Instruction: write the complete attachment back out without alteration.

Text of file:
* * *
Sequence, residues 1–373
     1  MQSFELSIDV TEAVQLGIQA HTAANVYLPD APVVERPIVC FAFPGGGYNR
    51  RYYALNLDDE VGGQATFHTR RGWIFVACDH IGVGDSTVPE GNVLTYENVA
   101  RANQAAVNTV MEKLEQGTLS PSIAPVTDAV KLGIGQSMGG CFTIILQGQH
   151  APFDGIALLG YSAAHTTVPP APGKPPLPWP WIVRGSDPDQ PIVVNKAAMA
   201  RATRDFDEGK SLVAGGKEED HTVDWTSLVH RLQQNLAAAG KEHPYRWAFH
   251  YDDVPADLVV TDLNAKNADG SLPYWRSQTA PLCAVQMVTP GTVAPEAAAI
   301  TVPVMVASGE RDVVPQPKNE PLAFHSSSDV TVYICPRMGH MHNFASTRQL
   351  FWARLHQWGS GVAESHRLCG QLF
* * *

Sequence, residues 1–373
     1  MQSFELSIDV TEAVQLGIQA HTAANVYLPD APVVERPIVC FAFPGGGYNR
    51  RYYALNLDDE VGGQATFHTR RGWIFVACDH IGVGDSTVPE GNVLTYENVA
   101  RANQAAVNTV MEKLEQGTLS PSIAPVTDAV KLGIGQSMGG CFTIILQGQH
   151  APFDGIALLG YSAAHTTVPP APGKPPLPWP WIVRGSDPDQ PIVVNKAAMA
   201  RATRDFDEGK SLVAGGKEED HTVDWTSLVH RLQQNLAAAG KEHPYRWAFH
   251  YDDVPADLVV TDLNAKNADG SLPYWRSQTA PLCAVQMVTP GTVAPEAAAI
   301  TVPVMVASGE RDVVPQPKNE PLAFHSSSDV TVYICPRMGH MHNFASTRQL
   351  FWARLHQWGS GVAESHRLCG QLF